Amenities: It's important to check the amenities available in your chosen dorm. Many dorms are equipped with shared media rooms, study rooms, or computers for students' use. Living in a dorm may also come with the advantage of having a campus meal plan. Also, depending on your school size, they can provide various dining options all around the campus. You may also want to check the security of the dorm you're staying in. Some may have on-duty campus police and most of them have secure entrances and exits.
Students who are interested in joining a sorority or fraternity may want to consider staying in Greek housing. This on-campus housing option offers the chance to stay near or within the campus and be close to friends. Fees and dues every semester may vary greatly but most members will have security, a meal plan, and access to several amenities.
However, it's worth noting that many Greek societies will charge other fees to maintain your membership. So, it's best to consider this additional expense before deciding on this housing option.
Although Greek housing are usually offered to sophomores and upperclassmen, you'd want to ask your organization for availability. The available room styles may vary, and you can find both private and shared rooms. Because events and meetings are usually done in the house, this option can be an excellent way to hang out with friends every day.
Some colleges also have housing cooperatives that are composed of student members. Co-ops are a common affordable housing option for students since they contribute to running the building and sharing the costs involved.
Just like dorms, co-ops come with shared common areas that encourage helping each other and providing a sense of community. There is a social aspect to co-op living since you'd have to expect member meetings, group tasks, and social events. If you're willing to help out and play your part in the community, then residing in a cooperative housing could be a great option for you.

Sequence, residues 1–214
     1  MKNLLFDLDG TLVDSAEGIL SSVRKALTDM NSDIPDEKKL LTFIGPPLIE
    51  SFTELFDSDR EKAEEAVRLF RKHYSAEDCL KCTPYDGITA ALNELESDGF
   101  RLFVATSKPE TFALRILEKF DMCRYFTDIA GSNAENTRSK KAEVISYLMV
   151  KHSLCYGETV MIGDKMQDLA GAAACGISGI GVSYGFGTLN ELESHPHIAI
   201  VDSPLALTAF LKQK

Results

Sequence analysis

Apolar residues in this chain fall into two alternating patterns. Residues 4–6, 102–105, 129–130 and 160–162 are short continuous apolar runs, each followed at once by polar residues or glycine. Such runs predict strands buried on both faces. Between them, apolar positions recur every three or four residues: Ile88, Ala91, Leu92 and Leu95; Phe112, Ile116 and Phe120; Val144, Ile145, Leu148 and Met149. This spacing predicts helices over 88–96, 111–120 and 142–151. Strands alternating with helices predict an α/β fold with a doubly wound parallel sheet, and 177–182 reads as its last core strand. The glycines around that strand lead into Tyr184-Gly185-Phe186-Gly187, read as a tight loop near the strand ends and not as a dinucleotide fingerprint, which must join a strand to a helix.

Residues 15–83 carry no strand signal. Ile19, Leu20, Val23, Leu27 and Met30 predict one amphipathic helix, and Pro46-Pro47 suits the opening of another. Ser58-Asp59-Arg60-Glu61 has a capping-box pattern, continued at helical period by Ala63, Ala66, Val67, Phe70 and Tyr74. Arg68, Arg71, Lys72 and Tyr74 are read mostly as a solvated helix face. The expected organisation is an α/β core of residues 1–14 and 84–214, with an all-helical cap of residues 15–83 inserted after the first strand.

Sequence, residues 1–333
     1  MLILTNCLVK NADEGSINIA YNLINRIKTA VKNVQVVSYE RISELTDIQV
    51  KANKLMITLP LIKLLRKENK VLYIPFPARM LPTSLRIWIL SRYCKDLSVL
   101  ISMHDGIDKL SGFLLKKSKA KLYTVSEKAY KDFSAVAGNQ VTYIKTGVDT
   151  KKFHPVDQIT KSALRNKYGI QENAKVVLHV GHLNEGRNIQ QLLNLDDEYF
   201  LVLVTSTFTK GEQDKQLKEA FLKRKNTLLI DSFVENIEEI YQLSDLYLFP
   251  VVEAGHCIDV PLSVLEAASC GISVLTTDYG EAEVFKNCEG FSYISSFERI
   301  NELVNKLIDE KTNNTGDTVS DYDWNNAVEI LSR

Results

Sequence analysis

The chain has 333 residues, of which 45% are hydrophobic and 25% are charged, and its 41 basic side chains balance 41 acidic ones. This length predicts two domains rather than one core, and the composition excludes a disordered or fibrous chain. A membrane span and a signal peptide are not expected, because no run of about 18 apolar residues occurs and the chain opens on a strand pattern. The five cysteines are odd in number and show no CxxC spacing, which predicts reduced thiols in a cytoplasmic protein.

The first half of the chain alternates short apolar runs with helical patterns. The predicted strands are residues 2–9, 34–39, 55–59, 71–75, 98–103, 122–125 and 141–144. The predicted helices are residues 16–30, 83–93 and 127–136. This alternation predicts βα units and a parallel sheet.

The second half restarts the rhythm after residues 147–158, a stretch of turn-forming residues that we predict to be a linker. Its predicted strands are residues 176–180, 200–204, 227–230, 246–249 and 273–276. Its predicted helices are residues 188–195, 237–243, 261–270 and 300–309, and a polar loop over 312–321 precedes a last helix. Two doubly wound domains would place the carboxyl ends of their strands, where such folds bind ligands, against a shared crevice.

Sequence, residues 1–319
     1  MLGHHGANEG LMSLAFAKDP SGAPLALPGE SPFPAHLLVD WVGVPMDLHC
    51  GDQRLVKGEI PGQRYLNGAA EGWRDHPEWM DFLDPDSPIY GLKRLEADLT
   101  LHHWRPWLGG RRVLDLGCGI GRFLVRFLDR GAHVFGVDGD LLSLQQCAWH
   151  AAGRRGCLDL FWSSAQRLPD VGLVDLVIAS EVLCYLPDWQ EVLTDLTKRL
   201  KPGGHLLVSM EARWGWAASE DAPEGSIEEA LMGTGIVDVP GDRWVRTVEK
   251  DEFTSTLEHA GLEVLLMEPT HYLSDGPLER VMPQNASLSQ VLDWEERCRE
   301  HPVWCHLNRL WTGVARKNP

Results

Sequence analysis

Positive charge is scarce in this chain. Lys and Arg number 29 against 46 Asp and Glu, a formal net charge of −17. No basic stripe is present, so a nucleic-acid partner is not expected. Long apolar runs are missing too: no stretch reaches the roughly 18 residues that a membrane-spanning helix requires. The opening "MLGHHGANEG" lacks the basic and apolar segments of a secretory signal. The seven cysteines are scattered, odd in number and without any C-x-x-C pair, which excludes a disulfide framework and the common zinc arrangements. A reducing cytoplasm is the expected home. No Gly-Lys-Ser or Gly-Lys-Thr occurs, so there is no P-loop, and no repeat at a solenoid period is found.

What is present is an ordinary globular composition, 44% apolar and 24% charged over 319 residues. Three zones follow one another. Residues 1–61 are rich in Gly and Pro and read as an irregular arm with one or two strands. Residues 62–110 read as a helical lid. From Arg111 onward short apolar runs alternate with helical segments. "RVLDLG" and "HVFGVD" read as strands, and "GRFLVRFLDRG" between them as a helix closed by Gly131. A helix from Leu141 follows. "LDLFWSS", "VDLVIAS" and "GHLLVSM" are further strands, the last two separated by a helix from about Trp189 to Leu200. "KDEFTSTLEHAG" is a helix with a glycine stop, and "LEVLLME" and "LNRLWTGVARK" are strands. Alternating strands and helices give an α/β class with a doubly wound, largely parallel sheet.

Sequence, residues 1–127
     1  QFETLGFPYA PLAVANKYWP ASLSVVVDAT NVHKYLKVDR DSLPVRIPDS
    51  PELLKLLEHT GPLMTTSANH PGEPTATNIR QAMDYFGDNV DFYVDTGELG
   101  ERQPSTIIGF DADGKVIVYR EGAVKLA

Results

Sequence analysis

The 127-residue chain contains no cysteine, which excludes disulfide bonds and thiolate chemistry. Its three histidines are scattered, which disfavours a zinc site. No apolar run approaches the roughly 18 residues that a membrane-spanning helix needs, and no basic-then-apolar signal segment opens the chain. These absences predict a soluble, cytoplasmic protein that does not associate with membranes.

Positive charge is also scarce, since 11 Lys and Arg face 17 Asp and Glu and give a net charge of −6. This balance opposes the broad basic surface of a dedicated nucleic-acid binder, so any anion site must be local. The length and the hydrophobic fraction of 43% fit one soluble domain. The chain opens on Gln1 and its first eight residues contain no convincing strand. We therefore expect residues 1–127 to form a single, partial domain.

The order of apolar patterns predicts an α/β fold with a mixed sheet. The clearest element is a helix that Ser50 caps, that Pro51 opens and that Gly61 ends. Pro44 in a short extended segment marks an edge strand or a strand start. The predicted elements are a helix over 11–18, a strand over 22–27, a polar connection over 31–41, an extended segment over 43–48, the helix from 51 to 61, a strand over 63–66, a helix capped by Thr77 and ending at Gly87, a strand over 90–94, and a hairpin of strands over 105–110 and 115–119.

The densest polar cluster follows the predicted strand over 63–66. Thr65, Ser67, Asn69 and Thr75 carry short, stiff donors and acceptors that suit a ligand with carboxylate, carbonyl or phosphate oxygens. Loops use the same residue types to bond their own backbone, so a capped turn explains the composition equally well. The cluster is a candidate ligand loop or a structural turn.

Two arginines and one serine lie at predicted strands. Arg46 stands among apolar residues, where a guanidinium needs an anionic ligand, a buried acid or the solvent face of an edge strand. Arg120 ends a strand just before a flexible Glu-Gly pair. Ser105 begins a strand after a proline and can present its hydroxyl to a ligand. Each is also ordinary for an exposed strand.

Student Family Housing
There are many schools that offer accommodation for families and couples. You may be eligible for one, depending on your qualifications. Some of these units are apartment-style with multiple bedrooms and full kitchens, so that the families can stay comfortably. Some of these housing units are built in neighborhood-type complexes with various amenities and buildings such as playgrounds for kids.
College life may sound intimidating, but with relevant information, making an informed decision should be manageable.
Here are some useful tips to make finding your college accommodation easier:
Get Financial Aid: Your college or university should be able to provide you with housing resources, housing boards, or a housing search feature on their own website. They may also provide you with referrals or help in finding other students searching for roommates.
Search the Town in Advance: Don't be content with reading the description of the campus and its neighborhood because it's still best to explore it yourself. Check out the neighborhood during the day so that you can make a good decision. You don't want to discover unpleasant surprises after you move in and find out that the place you're going to be staying at is noisy. Choose a nice neighborhood and prepare for your first move.
Search Early: In some cases, rentals near some colleges and universities get booked a year before the move-in date. Some even have wait-lists. It's best to research housing options you're looking into and consult current students about the best time to look for accommodation.
Set Roommate Choices: Select a few friends who are committed to finding accommodation with requirements similar to yours. Some rentals will require all the roommates to sign a lease at the same time and will not hold the units while you're making decisions.
College life can be both fun and challenging at the same time. If you're looking for an accommodation that's going to meet your budget, it's best to know about the different housing options near your chosen college or university. Whether you'd like to stay on-campus or off-campus, you'll want to research and explore your options early to avoid making hasty decisions.